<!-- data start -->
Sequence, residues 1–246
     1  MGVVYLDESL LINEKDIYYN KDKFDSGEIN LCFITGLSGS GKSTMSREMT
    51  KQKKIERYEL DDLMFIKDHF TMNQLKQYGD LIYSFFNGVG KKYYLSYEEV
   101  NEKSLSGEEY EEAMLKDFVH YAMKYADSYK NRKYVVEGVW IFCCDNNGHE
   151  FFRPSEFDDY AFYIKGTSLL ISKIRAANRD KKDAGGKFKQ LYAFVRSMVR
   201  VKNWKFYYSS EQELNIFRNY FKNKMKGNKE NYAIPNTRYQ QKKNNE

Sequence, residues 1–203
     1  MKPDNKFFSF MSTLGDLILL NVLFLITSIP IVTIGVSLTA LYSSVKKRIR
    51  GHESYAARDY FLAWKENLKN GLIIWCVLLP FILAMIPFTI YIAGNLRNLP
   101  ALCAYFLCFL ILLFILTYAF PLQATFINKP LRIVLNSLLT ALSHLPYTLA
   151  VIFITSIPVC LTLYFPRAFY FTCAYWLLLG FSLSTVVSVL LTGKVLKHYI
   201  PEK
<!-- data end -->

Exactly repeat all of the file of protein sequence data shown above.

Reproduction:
Sequence, residues 1–246
     1  MGVVYLDESL LINEKDIYYN KDKFDSGEIN LCFITGLSGS GKSTMSREMT
    51  KQKKIERYEL DDLMFIKDHF TMNQLKQYGD LIYSFFNGVG KKYYLSYEEV
   101  NEKSLSGEEY EEAMLKDFVH YAMKYADSYK NRKYVVEGVW IFCCDNNGHE
   151  FFRPSEFDDY AFYIKGTSLL ISKIRAANRD KKDAGGKFKQ LYAFVRSMVR
   201  VKNWKFYYSS EQELNIFRNY FKNKMKGNKE NYAIPNTRYQ QKKNNE

Sequence, residues 1–203
     1  MKPDNKFFSF MSTLGDLILL NVLFLITSIP IVTIGVSLTA LYSSVKKRIR
    51  GHESYAARDY FLAWKENLKN GLIIWCVLLP FILAMIPFTI YIAGNLRNLP
   101  ALCAYFLCFL ILLFILTYAF PLQATFINKP LRIVLNSLLT ALSHLPYTLA
   151  VIFITSIPVC LTLYFPRAFY FTCAYWLLLG FSLSTVVSVL LTGKVLKHYI
   201  PEK